For most of us, science begins with a rush of “Wow! This is super cool!” But the emotional fire can subside after years of hard work. Negativity in popular culture can make us forget the depths of our why. To rekindle our passion to see the universe’s beauty, physicist Roel Snieder and policy expert Jen Scheider remind us of the human heart of science and lay out a spiritual center to our enterprise.

By highlighting our personal role in discovery, they provide a template for scientists seeking to both live a fulfilling life and do first-rate science. This template offers seven principles that can enrich our lives under the hypothesis that happy people produce better work. These principles are harmony, courage, vision, curiosity, listening, compassion, and integrity.

Each chapter doesn’t merely provide a “rah rah” pick-me-up; it cites the literature and analyzes the subject in a manner appropriate for scientists. The authors study scientists’ spirits, how each of us feel as we work, and present these feelings as noble expressions of human spirit. Playful, hand-drawn illustrations excite the imagination as the authors practice what they preach – and bring readers along for the ride. Sections also provide practical exercises for readers to integrate these abstract concepts into their day-to-day lives.

One of my takeaways: Modern conversation often puts spirituality and science at odds with each other. Religions, the traditional home of spirituality, sometimes tread on science’s turf, and scientists sometimes fear the untested authority of religion. In my own life, I’ve found that science and religion have a lot to learn from each other, and both can benefit from more listening, a core principle in this book. This text does not address religion directly, but the authors do describe what human spirituality in scientific endeavors looks like from two scientists’ perspectives. They speak of science not as a chore to complete nor as a grade to earn but as a “love” to explore. In academe, it’s easy to neglect such intrinsic emotional engagement with our work.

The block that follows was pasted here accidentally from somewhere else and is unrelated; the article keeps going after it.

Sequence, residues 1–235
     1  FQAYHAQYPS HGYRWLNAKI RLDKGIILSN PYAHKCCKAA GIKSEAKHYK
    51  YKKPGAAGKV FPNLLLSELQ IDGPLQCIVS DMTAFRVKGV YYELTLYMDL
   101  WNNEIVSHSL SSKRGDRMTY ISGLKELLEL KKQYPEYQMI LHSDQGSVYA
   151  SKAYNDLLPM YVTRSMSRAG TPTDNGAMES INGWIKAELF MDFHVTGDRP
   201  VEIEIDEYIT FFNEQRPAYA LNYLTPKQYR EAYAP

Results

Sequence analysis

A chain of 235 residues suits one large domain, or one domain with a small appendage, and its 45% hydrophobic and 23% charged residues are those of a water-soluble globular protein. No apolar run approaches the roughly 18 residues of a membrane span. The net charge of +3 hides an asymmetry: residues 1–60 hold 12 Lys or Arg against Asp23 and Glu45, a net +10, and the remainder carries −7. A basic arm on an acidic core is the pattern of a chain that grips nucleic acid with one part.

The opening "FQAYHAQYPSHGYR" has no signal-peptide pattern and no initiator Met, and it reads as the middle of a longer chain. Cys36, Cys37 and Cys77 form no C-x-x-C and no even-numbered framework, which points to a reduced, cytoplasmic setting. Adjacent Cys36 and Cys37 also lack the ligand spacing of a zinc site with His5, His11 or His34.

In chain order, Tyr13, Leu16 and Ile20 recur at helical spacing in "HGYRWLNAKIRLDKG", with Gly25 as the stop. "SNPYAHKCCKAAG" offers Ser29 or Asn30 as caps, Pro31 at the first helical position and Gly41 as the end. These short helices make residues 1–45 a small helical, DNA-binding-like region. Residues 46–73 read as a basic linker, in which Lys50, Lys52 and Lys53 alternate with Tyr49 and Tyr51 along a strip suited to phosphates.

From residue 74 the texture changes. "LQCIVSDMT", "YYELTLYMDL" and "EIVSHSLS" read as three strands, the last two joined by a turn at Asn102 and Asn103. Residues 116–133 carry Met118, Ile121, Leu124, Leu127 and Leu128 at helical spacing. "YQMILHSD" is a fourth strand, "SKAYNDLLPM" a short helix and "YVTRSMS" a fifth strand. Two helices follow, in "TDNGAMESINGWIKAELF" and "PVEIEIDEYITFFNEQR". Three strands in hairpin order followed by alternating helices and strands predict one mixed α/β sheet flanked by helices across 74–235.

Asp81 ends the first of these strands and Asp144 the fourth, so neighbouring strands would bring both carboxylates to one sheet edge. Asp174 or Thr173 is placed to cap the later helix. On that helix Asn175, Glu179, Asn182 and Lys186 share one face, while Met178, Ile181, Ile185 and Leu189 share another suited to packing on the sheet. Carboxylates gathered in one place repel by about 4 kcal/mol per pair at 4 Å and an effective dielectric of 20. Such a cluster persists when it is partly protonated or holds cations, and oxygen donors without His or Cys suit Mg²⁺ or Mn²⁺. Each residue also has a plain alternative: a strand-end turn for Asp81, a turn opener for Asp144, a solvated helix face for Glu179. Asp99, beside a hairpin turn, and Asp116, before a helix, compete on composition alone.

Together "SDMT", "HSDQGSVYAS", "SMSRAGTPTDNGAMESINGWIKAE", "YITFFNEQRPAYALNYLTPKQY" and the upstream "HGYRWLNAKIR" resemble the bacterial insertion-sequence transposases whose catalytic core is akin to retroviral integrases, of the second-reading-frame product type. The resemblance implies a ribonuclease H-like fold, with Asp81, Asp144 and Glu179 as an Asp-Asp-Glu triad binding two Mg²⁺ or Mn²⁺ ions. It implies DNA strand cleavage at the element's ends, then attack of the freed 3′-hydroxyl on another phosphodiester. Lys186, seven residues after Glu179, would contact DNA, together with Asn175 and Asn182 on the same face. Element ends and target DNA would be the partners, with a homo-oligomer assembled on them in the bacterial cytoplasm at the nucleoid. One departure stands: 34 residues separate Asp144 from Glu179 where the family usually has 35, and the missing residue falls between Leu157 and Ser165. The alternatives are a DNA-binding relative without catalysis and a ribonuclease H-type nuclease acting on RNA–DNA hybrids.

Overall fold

By giving us examples of how personal attitudes interact with scientific endeavors, the authors explain these seven principles’ impact in concrete terms. For instance, they help us relate our science to our students and even our children. They also extrapolate what inner courage resembles in a scientific career. Elsewhere, they dwell on staving off a sense of professional loneliness and having compassion for students who can also be lonely in their work. To them, finding joy in your work translates into bringing joy to the rest of the world through your work.

Snieder and Scheider contend that honing personal qualities can reduce the chore of getting work done while encouraging us to skip to work each day. As with most things, increased happiness requires attentive effort but is ultimately realizable. Paying attention to our innate human spirituality can bring personal meaning to ourselves and help us convey nature’s wonder better to others. This book shows us how. It reminds us that life’s beauty isn’t found just in exotic natural oases; with the right attitudes, it’s found at our lab benches as we investigate, in our scientific journals as we read, and on our fingertips as we type.

The Joy of Science: Seven Principles for Scientists Seeking Happiness, Harmony, and Success, by Roel Snieder and Jen Schneider.

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